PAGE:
Reuben Chappell was born on July 21, 1870 in Doyle Street, Goole, the youngest son of six children. His father was a joiner who in later life became a master cabinet-maker. Chappell was born near to the docks of Goole, so that from his childhood he was familiar with ships and seafarers. He won a scholarship to the then privately-owned Goole Grammar School, and soon showed a talent for drawing the ships that had dominated his daily life from infancy. He became interested in photography, was apprenticed to Harrison the photographer, and tinting photographs led him into painting. Apart from a few lessons, he was self-taught.
By his late 'teens Chappell was contributing line drawings to local newspapers, and his paintings of ships were becoming well-known locally. By the time he was twenty he had established a studio at 7, Jackson Street in Goole, and he was advertising in the Goole Times as a photographer and artist. But he found that by selling his portraits of ships to seamen he was so busy that he had little time for photography.
As ships arrived in the port Chappell went down to the docks to invite commissions, sketching details of the ship to be painted, and then returning to his studio to complete the work either in watercolours or in oils. He charged five shillings for a watercolour and thirty shillings for a portrait in oils.
He married at the age of twenty-five Caroline Bayford, of Thorne, a minor poetess whose verses were published occasionally in local newspapers. They had three sons. The eldest, Mr Cecil Chappell, opened this exhibition in Goole. But Chappell. who suffered from a bronchial weakness from childhood, was advised to seek a climate kindlier than the cold and damp air of Goole. So in 1904 he left for Par in Cornwall, and there, with his family, he lived for the rest of his life, a familiar figure on the shipping quays of Fowey, Par and Charlestown, usually dressed in a Norfolk suit, no matter what the weather.
He was a modest man, quiet, reliable and industrious. Isolated from art schools and studios, he was an essential part of the marine community. His friends were sailors, and he was often a lonely man. He showed none of his work at art exhibitions or in galleries. Yet he was an artist, and proclaimed himself as such. He supported his family entirely from his painting - visiting the docks as he did in his earlier days at Goole to obtain a commission, making pencil sketches (one of his sketchbooks is featured in the exhibition) and then returning home to work on the painting, often working far into the night because he was, literally, battling against the tide on which the ship he was painting had to sail.
His wife, too, died in 1930, and from then until his death ten years later he painted very little, so that his productive period was from 1890 to 1930. In 1933, a lonely man, he married a second time, and on July 20, 1940 he died of bronchial pneumonia, eight days after his seventieth birthday. He was buried in Fowey cemetery.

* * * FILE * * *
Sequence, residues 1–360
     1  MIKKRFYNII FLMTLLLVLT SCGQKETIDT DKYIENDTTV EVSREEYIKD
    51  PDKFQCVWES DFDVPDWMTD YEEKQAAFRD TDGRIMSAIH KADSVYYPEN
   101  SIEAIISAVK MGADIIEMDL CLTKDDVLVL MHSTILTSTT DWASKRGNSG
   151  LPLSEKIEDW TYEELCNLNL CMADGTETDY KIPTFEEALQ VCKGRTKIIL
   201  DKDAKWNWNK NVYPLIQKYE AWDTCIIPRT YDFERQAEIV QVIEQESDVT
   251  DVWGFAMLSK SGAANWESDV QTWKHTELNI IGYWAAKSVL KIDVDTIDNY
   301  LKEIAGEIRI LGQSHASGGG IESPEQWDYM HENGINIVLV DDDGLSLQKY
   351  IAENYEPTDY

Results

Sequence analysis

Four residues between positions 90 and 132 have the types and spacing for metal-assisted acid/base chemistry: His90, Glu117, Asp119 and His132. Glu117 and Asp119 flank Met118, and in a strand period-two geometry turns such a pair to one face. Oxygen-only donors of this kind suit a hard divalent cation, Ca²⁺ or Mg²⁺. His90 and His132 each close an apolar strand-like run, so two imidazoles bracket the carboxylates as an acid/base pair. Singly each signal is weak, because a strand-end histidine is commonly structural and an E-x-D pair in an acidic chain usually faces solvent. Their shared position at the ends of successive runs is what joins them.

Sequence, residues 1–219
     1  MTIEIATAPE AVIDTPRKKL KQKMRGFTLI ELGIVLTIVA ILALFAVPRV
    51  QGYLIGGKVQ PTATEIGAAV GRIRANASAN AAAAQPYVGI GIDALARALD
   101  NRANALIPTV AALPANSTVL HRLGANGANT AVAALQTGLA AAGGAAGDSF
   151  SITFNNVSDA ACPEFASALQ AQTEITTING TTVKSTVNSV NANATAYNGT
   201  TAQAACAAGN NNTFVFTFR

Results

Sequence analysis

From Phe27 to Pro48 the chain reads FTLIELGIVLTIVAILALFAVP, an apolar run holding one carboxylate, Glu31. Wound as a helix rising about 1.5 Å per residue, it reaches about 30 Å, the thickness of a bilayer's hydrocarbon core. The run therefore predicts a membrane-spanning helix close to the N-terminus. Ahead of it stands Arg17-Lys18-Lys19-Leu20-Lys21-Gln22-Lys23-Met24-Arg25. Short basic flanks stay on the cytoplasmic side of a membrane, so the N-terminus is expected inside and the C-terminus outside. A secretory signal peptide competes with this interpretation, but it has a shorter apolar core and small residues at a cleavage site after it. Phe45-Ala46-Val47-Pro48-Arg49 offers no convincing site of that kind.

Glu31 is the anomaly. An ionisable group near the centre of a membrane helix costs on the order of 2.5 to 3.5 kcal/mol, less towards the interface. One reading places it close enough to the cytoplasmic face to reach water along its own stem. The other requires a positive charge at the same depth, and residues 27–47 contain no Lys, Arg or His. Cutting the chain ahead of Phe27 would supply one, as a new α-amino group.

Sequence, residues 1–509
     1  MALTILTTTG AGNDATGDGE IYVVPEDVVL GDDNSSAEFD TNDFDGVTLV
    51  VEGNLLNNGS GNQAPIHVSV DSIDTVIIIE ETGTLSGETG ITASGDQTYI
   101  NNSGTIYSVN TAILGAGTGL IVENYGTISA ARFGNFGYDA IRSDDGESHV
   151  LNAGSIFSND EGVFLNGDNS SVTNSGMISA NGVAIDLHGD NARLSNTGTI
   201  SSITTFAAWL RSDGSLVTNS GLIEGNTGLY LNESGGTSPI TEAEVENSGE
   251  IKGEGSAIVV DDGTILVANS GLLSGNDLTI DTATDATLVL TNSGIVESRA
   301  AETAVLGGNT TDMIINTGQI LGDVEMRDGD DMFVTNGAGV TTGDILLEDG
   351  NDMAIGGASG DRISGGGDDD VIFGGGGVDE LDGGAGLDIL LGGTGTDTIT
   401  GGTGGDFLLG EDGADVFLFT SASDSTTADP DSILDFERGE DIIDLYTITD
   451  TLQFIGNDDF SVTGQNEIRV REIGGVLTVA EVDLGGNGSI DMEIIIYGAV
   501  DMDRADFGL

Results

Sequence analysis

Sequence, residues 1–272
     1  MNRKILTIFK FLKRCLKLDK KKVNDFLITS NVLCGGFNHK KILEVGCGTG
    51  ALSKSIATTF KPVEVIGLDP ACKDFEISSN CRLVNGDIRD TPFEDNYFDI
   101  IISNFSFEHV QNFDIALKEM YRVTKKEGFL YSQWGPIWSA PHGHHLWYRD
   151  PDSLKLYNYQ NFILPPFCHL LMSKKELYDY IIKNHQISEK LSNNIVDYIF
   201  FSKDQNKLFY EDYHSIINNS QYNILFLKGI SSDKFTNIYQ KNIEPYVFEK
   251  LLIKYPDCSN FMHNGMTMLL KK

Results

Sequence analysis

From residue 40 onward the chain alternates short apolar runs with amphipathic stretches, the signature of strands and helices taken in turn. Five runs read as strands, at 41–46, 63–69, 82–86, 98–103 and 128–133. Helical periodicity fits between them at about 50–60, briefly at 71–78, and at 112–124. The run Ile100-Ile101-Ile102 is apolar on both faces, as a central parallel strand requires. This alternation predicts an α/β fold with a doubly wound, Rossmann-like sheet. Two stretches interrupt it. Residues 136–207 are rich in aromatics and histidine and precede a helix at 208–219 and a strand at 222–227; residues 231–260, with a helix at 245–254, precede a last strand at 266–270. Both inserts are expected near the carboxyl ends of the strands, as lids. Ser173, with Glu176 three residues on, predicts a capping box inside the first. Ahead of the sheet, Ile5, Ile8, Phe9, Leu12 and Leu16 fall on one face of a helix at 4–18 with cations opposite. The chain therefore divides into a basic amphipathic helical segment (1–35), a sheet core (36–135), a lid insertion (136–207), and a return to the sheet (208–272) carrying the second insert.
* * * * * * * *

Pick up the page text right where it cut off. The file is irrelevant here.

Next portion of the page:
In his early years in Goole Chappell depicted the keels and sloops that were so characteristic of Goole as a port, and which are now extinct. Later he began to paint the new steamers that sailed out of Goole to Continental ports. His first major success was the steamer Wharfe, which he displayed in a furniture shop window in 1890 so that it might attract the seamen who walked along Aire Street to the docks. He painted a number of oils of the Wharfe, which was famed locally as "The Greyhound of the Humber" because of her speed of 16 knots, and some of his work done in Goole had a powerful, even dramatic quality.
He never, throughout his working life, had any thought of the fame that was to come to him because of the accurate record he made of the appearance of hundreds of the ships of his day. He was concerned solely to support his family by means of the best talent he possessed.
He rarely dated his work, but normally he signed it - usually "R. Chappell, Goole", even after his removal to Cornwall, so that he would continue to be known as the same man who had painted in Goole. In later years his signature became "R. Chappell" and, very occasionally, "R.C." or "R.C.G". But almost invariably, along the bottom edge of his paintings, is the name of the vessel depicted, its port of registration, and sometimes the name of its master.
As a painter of ships, Reuben Chappell belongs to folk art and to the waterfront. He painted the ships that Goole knew in its growing days as a port, bringing the ships into the homes of the people in the days when every street in Goole had its sea- faring family, deeply attached to the ships in which their men-folk sailed, when "Tide Time" was a town's occasion as the people gathered on Lock Hill to wave farewell or to welcome their men home from the sea. His pictures bring back to the older generation, as do few other things from the past, the spirit of Goole as a port filled with lovely ships, of a bustling, busy river, of an era that will, because of vast technological changes, never come back.
Foreward from 1972 Exhibition at Goole Museum